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Keywords:

  • behaviour;
  • Bufo bufo;
  • migration;
  • sibling avoidance;
  • pairing

Abstract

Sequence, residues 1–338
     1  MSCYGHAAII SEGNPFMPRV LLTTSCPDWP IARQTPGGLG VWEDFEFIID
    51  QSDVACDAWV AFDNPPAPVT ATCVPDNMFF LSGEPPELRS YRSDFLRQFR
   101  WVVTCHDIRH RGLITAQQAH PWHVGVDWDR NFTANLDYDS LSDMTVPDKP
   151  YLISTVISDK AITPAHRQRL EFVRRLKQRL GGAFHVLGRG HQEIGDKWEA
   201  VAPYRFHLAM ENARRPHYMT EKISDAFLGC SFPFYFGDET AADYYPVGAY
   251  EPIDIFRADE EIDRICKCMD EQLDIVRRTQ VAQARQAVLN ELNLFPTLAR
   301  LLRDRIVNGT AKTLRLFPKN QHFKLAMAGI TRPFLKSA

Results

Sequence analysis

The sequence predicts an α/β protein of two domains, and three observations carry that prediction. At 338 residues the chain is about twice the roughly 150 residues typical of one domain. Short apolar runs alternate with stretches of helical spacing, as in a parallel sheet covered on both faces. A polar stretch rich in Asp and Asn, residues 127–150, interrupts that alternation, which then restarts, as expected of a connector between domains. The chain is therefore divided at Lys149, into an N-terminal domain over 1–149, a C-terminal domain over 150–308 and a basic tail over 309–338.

A 20-year study of a common toad Bufo bufo population in south Dorset, U.K. was carried out between 1980 and 1999. On average, c. 33% of all experienced males and females arriving each year did so during the first quarter of each breeding season with only 18% arriving during the last quarter. Conversely, a slightly higher proportion (27%) of all inexperienced (first-time breeders) males and females arrived during the last quarter season than during the first quarter (22%). In 18 of the 20 years, the proportion of inexperienced females found paired with inexperienced males was significantly higher than could be expected from the proportion of inexperienced males in the pond, suggesting that selective pairing was occurring. One potential effect of pairings between inexperienced male and female toads, coupled with the sex difference in the age of attaining sexual maturity, might be a reduction in the incidence of sibling matings (inbreeding) in the common toad. This is particularly relevant in a species that is both highly philopatric and which congregates in large numbers every spring to breed in very localized areas.